The risk when working with electricity
Why do many people use the services of electricity while performing even simple repairs or replacement of components of electrical installations? This question can be answered in a very simple way - a lot of people afraid of any contact with the flow, because it can be extremely dangerous not only for health, but also for human life. Commonly known cases in which the electrician while performing their work was seriously injured and even died as a result of contact with electricity. On the other hand, many electricians have daily contact with electrical installations retains fewer and fewer safety work and then can easily lead to tragedy.
Codes in electric business
An electrical code is a set of regulations for electrical wiring. The intention of an electrical code is to provide standards to ensure electrical wiring systems that are safe and unlikely to produce either electric shock or fires. Ways in which electrical codes ensure safety include ways to prevent (or mitigate) short circuits, ground faults, and overheating from inadequate current-carrying capacity (ampacity). Appropriately rated fuses or circuit breakers are used to interrupt a circuit loop whose ampacity is exceeded to avoid overheating of wires or other fixtures. Electrical codes are usually devised by national or international technical organizations, and adopted as law to make them enforceable. Electrical codes differ based on geographic area. See the following:
DIN VDE (German Institute for Standardization) published by DIN-Norms is used in Germany
National Electrical Code has been adopted for electrical wiring in the United States and for Mexico, Costa Rica, Venezuela and Colombia
IEC 60364 is used as a basis for electrical codes in many European countries
Canadian Electrical Code published by the CSA is used in Canada (see Electrical wiring in North America).
British Standard BS 7671 is the set of regulations for electrical wiring in the United Kingdom.
Australian/New Zealand Standard AS/NZS 3000:2007 Wiring Rules is used in Australia and New Zealand.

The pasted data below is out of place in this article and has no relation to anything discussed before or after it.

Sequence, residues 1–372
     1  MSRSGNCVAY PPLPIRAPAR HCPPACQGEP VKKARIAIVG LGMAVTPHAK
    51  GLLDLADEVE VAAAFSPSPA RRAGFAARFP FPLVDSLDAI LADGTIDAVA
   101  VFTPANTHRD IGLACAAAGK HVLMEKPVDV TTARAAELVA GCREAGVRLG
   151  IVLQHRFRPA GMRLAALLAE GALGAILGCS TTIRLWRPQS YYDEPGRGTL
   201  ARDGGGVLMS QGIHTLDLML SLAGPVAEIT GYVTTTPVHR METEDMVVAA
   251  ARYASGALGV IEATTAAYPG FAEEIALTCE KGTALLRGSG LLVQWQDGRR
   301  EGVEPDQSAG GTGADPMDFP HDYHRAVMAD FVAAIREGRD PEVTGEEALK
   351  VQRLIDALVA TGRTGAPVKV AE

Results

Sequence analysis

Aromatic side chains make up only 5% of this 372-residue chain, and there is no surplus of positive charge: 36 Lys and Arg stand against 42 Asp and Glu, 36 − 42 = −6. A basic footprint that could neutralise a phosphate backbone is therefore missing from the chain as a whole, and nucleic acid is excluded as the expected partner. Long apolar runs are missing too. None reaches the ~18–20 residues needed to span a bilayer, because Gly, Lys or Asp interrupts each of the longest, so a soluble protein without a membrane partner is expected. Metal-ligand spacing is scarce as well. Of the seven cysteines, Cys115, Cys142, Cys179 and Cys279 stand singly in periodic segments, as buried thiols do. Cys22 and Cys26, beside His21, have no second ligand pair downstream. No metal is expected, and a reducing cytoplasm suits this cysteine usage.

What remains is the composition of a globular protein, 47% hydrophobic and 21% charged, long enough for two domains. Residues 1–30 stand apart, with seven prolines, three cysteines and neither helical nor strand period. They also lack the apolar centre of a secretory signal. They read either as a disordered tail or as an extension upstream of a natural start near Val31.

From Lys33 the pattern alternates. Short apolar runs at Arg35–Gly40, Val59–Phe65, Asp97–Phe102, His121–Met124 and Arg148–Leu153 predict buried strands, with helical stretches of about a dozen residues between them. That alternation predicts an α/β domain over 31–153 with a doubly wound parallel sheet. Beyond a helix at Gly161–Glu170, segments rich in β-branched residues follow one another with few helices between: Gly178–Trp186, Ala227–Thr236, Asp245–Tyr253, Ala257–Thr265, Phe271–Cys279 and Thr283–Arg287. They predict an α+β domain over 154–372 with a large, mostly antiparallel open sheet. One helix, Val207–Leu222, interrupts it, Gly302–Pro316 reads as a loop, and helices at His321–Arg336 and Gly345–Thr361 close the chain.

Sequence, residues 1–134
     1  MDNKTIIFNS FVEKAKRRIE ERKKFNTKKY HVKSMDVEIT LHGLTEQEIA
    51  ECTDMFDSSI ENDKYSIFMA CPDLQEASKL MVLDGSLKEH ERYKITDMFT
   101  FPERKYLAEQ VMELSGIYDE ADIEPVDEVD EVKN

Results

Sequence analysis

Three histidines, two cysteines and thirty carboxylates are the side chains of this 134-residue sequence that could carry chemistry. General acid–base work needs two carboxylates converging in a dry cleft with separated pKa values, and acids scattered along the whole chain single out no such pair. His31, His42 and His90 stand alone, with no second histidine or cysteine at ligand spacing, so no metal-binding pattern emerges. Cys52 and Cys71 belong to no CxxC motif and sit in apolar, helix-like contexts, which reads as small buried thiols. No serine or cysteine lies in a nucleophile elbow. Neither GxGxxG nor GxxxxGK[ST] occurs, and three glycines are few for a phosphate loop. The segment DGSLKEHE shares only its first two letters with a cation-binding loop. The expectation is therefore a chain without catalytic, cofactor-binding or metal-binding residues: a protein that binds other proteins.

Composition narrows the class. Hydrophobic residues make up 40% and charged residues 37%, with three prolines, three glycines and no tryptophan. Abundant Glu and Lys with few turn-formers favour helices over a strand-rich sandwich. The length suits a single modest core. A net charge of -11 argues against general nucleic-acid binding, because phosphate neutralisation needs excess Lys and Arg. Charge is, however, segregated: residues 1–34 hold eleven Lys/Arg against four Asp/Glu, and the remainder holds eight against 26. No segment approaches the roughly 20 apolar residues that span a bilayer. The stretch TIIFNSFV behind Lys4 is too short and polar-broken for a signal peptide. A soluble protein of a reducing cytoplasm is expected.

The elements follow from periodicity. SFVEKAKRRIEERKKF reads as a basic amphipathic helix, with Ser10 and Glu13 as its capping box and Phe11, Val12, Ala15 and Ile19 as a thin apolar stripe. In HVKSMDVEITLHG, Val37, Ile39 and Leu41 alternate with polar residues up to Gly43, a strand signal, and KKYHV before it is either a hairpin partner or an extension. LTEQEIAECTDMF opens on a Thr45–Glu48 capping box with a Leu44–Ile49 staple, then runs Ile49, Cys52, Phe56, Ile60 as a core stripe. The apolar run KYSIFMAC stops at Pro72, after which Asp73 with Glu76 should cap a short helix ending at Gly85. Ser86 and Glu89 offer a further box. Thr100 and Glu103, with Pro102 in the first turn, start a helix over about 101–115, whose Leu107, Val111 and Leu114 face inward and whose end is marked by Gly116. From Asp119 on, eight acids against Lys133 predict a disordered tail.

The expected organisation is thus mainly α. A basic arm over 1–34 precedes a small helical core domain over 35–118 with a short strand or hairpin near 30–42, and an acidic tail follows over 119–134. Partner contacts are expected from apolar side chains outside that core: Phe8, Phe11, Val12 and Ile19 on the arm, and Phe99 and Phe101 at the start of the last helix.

NF C 15-100 (fr) is used for low voltage installations in France
RGIE (fr) (Réglement Général sur les Installations Électriques) is used for installations in Belgium.
AREI (nl) (Algemeen Reglement Elektrische Installaties) is used for installations in Flanders, Belgium.
Definition of electric wires safety codes
Wiring safety codes are intended to protect people and property from electrical shock and fire hazards. Regulations may be established by city, county, provincial/state or national legislation, usually by adopting a model code (with or without local amendments) produced by a technical standards-setting organisation, or by a national standard electrical code.
Electrical codes arose in the 1880s with the commercial introduction of electrical power. Many conflicting standards existed for the selection of wire sizes and other design rules for electrical installations.
The first electrical codes in the United States originated in New York in 1881 to regulate installations of electric lighting. Since 1897 the US National Fire Protection Association, a private non-profit association formed by insurance companies, has published the National Electrical Code (NEC). States, counties or cities often include the NEC in their local building codes by reference along with local differences. The NEC is modified every three years. It is a consensus code considering suggestions from interested parties. The proposals are studied by committees of engineers, tradesmen, manufacturer representatives, fire fighters and other invitees.